Our cabins were on the 5th deck. After quickly dumping our bags in the cabin using the smartcards which were our tickets as well as our cabin keys, we all rushed to the ‘sun’ deck, where everyone was, to see the sight of the land moving past, our ship heading towards nothingness. On my visit to Soumenlinna island at the beginning of Folks at the Soumenlinna island waving at the shipmy sojourn in Finland, we had waved to the passengers going in such cruises. This time it was our turn to be waved at, as we sailed past that island. It gave us a very “sailor” feeling. After having seen the huge full moon during the fireworks display, I was eagerly awaiting nightfall so that I could see the moon again, from the middle of a water body, sans all artificial lights, with the moon beaming down in full glory over the water. Of course, there was a spectacular sunset over the horizon looked forward to, too. I had already checked the weather forecasts, which showed clear skies. We went all around the deck, trying to explore every corner of it. Unfortunately the bow of the ship was forbidden to passengers. But that wasn’t the end of our desire to experience it the way “Rose” experienced it. The sun beaming down as the ship surges forwardEventually we found one corner which was considerably in the front of the ship, though not exactly in the centre and not really on the top deck, but one deck lower. It was almost impossible to stand there since the wind was so strong. The sight of a vast sea, your vessel surging forward, with you at the very front is a very different and exhilerating feeling. For miles and miles around there was nothing but water and the sun gleaming on it. I felt very much close to nature.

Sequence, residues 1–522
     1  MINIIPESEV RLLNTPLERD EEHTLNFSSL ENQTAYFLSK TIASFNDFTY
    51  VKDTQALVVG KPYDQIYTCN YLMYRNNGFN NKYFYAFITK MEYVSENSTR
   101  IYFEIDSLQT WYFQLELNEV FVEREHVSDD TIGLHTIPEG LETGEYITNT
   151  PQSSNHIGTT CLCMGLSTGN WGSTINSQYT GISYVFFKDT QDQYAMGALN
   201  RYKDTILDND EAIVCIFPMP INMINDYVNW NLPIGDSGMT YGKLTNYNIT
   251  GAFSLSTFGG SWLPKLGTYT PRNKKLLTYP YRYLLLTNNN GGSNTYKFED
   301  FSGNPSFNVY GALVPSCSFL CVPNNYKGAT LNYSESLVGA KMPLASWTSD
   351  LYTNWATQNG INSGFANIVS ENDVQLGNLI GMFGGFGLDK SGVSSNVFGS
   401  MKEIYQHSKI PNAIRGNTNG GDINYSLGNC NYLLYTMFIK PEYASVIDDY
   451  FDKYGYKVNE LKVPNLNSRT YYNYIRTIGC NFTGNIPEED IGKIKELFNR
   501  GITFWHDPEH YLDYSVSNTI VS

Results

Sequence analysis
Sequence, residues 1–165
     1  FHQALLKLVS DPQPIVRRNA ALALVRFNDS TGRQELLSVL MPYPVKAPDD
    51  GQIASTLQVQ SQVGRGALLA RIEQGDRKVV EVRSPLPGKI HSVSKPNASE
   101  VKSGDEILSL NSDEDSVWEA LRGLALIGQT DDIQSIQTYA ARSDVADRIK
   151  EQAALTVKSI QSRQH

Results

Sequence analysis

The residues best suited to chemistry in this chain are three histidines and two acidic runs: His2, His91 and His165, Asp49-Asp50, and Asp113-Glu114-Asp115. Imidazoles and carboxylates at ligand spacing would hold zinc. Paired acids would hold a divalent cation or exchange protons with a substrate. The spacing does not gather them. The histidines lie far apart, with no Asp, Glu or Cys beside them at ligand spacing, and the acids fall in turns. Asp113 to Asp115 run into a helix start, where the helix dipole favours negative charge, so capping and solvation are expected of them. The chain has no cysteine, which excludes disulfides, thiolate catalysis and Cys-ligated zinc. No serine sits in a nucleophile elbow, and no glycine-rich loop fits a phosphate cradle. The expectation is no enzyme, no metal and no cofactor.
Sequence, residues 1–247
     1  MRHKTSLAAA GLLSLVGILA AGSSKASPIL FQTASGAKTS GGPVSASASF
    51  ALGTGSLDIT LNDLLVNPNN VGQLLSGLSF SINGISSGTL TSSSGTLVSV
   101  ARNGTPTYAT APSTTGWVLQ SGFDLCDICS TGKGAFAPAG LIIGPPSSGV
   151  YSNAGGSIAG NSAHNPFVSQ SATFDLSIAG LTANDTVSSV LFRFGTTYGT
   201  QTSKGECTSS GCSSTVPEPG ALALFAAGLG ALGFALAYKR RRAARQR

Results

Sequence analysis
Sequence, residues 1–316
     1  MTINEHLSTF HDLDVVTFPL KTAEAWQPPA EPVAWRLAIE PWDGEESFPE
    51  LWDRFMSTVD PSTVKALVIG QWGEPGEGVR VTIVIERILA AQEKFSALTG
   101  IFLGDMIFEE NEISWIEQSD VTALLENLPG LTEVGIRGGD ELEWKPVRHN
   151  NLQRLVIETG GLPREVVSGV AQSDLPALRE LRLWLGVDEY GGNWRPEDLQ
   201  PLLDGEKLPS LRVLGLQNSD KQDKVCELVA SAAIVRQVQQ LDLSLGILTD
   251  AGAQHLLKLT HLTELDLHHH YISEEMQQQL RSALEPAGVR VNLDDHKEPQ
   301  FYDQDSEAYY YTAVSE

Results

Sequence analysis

Continued: Twilight in sunset and moonrise

* – the google map has my apartment (which doesnt exist in the maps) location, the Viking line terminals at Helsinki and Stockholm, marked.

Zabaan sambhal ke

I have a very young-at-heart uncle who has recently shifted out of India, along with my aunt. Since I am also out for some time, I have been mailing him regularly, now that it’s the more convenient option of communicating. (Before this, we would meet regularly at family get togethers etc.) But I have realised, that everytime I write to him, it’s as if I am writing to my peer, a friend and not an elderly person whom I call uncle in real life. Many a times I have edited my mail to make it more respectful because he’s after all more than double my age. At times I have replaced slang with proper words and deleted sentences which sound too friendly or crazy (which would be natural when writing to a friend). Initially I thought it could be because he was young at heart or it’s because I am used to interacting only with ‘my generation’ over the net and not another one, that my words come pouring out as if meant for my friends. But the more I thought of it, the more I realised that it could be something else.